KL: And that makes a lot of sense. I mean, it's clear artificial intelligence is not going to take out completely the human element to internal audit. There's still going to be some professional judgments that's needed. I mean, we talk about completeness and accuracy of data every day, and we know that there is still errors that can be produced and result from the use of AI and ML. So when we think about that, what do you think will happen or looking forward, what will we need to do to gain more confidence in the use of AI as part of our internal audit procedures?
DM: Great question. So we haven't really talked about data. I'm so focused on the human element of this, the ability to interact, I apologize. But the data fidelity and integrity, confidentiality, even, the data security and data management in general, I guess if I'm going to be broad about it, are really more important than ever. So let's create a scenario internal audit. I'm going to have lists of regulations. I'm going to have lists of controls. I'm going to have lists of corporate guidelines and governance, and then I'm going to have a lot of evidence. There's going to be a lot of different kinds of potentially sensitive information that an entity doesn't want to have released to anybody.
Well, if I go and build a system, what this is, it's all systems. If I go and build a system and I interlink all of this data, or I actually, which wouldn't be very smart, but consolidate all of that data into a single isolated spot, I've really just compounded my risk if I don't have good data management and data security controls. Because I didn't have control of the data to begin with, now I've matched it all together and you can get to it through a single interface. And now I have no idea who's getting access to it necessarily and how they're interacting with it and what the outcomes are on the other side because we haven't even talked about how to control the system. We just fed it a bunch of data.
So now obviously that's an overblown, hopefully, nobody's being quite that cavalier depending on what data they're feeding it obviously. But that's really what it all comes down to is what data are you feeding it? We could build 100 AI systems that have absolutely no one's going to get hurt. It's a database of cars and paint colors. My kids would... Actually, we built one the other day. I told my kids, "Here's how you would design a large language model car dictionary in Microsoft." And they thought it was great. They're eight and 10. By the way. I don't think they understood a word I said, but they pretended to enjoy their dad's conversation.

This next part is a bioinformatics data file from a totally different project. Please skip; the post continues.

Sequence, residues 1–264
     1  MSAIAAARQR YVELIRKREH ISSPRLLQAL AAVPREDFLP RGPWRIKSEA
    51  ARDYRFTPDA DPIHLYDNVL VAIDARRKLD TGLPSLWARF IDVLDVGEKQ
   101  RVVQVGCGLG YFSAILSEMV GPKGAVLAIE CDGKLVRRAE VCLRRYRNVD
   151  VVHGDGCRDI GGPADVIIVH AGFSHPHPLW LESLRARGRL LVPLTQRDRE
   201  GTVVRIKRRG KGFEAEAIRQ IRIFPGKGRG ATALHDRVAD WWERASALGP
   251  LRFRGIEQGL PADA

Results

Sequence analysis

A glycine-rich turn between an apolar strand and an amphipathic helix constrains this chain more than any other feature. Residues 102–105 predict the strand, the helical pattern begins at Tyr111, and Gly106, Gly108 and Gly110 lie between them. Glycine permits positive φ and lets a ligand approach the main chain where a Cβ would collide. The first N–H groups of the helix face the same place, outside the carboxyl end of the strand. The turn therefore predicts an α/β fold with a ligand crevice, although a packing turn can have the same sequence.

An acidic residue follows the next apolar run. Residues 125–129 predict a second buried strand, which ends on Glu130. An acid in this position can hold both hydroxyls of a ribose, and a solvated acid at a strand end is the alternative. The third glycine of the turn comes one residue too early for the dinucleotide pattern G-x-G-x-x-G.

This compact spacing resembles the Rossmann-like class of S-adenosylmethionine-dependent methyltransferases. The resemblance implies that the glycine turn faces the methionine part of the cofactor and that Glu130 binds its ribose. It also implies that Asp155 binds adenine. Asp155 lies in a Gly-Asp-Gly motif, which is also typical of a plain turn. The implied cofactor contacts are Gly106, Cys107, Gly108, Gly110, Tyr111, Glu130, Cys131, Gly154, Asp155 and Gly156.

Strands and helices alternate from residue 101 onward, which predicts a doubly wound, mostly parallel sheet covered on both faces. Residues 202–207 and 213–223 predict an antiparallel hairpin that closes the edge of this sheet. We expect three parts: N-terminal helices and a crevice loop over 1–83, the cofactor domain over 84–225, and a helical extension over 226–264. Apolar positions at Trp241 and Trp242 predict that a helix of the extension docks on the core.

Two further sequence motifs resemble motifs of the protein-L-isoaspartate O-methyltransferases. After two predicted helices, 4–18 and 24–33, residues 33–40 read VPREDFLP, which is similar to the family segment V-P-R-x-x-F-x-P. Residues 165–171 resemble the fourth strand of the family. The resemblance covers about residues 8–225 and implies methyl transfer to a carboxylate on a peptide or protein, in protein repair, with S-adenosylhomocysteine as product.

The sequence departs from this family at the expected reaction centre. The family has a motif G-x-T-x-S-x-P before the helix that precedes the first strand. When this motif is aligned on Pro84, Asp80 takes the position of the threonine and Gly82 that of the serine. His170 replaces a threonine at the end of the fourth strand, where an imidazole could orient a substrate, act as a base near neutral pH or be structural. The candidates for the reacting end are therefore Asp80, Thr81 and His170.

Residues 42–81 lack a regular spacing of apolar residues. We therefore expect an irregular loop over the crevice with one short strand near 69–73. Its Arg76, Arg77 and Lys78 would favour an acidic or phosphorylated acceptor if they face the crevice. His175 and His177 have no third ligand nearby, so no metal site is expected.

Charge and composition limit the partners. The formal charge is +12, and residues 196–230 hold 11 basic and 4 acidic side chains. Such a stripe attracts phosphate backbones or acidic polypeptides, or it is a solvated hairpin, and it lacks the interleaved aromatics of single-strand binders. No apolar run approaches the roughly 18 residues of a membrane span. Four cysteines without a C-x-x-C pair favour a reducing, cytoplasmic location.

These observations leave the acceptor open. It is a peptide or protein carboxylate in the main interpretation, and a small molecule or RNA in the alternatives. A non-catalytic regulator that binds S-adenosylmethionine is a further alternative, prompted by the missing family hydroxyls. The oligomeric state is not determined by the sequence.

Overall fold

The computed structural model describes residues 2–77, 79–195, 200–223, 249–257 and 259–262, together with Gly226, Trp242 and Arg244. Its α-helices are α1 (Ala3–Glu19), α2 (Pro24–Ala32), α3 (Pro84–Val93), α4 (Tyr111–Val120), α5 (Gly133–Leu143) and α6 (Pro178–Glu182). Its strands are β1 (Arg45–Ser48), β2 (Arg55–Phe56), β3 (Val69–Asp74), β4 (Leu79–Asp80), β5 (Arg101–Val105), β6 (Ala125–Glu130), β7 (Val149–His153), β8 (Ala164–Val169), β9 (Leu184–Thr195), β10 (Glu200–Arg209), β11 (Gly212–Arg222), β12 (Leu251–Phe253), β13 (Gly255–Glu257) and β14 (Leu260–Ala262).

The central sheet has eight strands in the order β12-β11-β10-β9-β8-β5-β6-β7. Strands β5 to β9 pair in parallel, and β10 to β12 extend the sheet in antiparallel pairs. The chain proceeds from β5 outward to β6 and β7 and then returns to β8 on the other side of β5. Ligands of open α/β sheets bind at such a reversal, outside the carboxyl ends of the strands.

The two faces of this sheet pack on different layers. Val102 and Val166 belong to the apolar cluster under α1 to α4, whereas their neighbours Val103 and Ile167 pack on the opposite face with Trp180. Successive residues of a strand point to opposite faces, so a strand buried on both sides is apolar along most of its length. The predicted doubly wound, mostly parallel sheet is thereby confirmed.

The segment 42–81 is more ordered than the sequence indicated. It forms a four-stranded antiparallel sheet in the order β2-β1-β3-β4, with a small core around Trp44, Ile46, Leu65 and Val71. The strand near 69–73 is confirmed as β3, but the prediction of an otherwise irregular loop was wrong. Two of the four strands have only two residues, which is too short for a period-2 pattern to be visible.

If we don't take a mindset that we need to govern and control these particular systems, the risk is highly compounded because there's so much data and there's so much that you can do with it. But again, the human element, why is that important, and how do we avoid this? So the training of these systems is always what you're going to hear people say, training is paramount. How well you train it, and the kinds of thinking that you put into that training. So again, this is where it gets a little complicated, but let me give you a simple example that makes it relatable. Let's say that we feed a list of regulations to the system, and then we also give it a large language model context so that it can try to read and interpret those list of regulations. Well, now I have a list of technical controls.
Well, just because I taught the system how to understand the list of regulations, it still has absolutely very minimal context on those controls and how those controls apply. So I have to teach it how to reason. I have to create connection. I have to tell the model these things, which you would not know if I hadn't told you, just like a child wouldn't know. You would not know that these were related but I'm going to tell you. Now, here's where it gets tricky. I'm going to try to explain to you mathematically, graphically how it's related.